2015 Ball State study urged “TIF usage should be reviewed by the state legislature since the average district has no meaningful impact on county economies.” Holcomb Administration cut off access to the data and created “super TIF.”
July 28, 2018-A 2015 report by the Ball State University Center for Business and Economic Research (CBER) concluded that the use of Tax Increment Financing (TIF) in Indiana has been ineffective in creating jobs or increasing growth. In discussing the report, CBER Director Michael Hicks stated “In fact, we found that in the average county, creation of a TIF district led to fewer jobs in manufacturing and retailing as well as a slight drop in the number of businesses.” The study recommended that the Indiana Legislature examine the use of TIF and improve TIF reporting. Immediately after the report was issued, the Holcomb Administration stopped reporting TIF data.
- What is Tax Increment Financing
According to the website Good Jobs First, “As businesses locate in a TIF district and the area redevelops, the property values rise. Rather than simply collecting the increased taxes from TIF district properties, the city splits the property tax revenues into two streams. The first stream is set at the original amount of the property value before redevelopment, known as the “base rate.” This stream continues to go where it did before, typically to the school district or the city’s general fund that pays for local services such as police and fire departments.” The second stream, known as the increment, goes to local redevelopment commissions who use it for incentives to lure business, infrastructure improvements, and other expenses associated with economic development. Economic development has been broadly construed and is rarely challenged.
TIF revenues are often bundled and bonded since the projects require large upfront costs. “The money a city invests in TIF projects is often obtained through the sale of bonds, which are then repaid over time with the annual tax increment funds. If the incremental revenue is not sufficient to pay off the bonds, the city has to make up the difference.” (See https://www.goodjobsfirst.org/accountable-development/tax-increment-financing ). TIF districts are “neutralized” every year in order to distribute the income based on increases or decreases in value. In Indiana, this method of financing is especially attractive to local leaders because the debt falls outside the Constitutional limits on borrowing. Funds are controlled by an appointed redevelopment commission (RDC) and the City Council has little oversight over the day to day activities of the RDC.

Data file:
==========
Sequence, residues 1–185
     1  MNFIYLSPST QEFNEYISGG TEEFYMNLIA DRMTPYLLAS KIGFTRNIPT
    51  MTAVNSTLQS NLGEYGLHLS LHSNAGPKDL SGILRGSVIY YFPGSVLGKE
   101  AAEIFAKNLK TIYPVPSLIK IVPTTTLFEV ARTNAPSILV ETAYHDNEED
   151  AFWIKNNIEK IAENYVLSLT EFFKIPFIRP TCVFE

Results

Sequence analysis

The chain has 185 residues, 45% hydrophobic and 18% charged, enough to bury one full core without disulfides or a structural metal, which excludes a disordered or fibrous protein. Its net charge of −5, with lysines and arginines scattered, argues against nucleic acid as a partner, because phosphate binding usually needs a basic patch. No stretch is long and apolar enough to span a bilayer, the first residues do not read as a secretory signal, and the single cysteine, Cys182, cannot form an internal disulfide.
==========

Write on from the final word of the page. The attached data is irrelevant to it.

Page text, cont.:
The Indiana TIF Viewer allowed residents to see parcel level detail regarding the base and increment in a TIF up until the 2015 pay 2016 tax year. Residents could also compare the incremental value (the amount going to the RDC) and the base value (the amount going to schools, police and fire) each year. The total amount which goes to the RDC and to the City was also reported. This was extremely useful information for residents who wanted to be informed as to where their tax money was going. In 2015 pay 2016, TIF districts in Lake County had $66.4M in revenue and $85M in expenses. There were over $480M in bonds outstanding in Lake County TIF Districts in 2015.
Porter County relied even more on TIF. In 2015 pay 2016, Porter County saw $59M in property tax revenue diverted to TIF districts. Expenses for all TIF districts were $105.6M. LaPorte County diverted only $10M to TIF and had total TIF expenses of $16M.
The above numbers are all for the year 2015 because we no longer have access to this data. Indiana law still requires each RDC to report the data to the State but the State no longer presents that data in a usable format on the website. At the same time, the Indiana Legislature has been busy providing the Northwest Indana Regional Development Authority (NWIRDA) the power to create “super TIFs” around transit stations. According to Representative Hal Slager’s House Bill 1144, the unelected officials at the NWIRDA can create a “transit development district” up to one mile from any station area. The NWIRDA then collects all increment in property tax, local option income tax, sales tax and state income tax from that district until the year 2047.
Schools are increasingly forced to have referenda and local communities can’t afford to hire the police officers necessary to maintain adequate staffing levels while developers receive millions of dollars in incentives with little or no accountability. Bankers push the plan because borrowing costs are 5-10% up front but those paying the tab are now shut out from any information regarding the income or expenditures.
We urge Gazette readers to check out the entire Ball State report below and to ask your elected officials to provide TIF information on the State website in the same format it was provided in the past.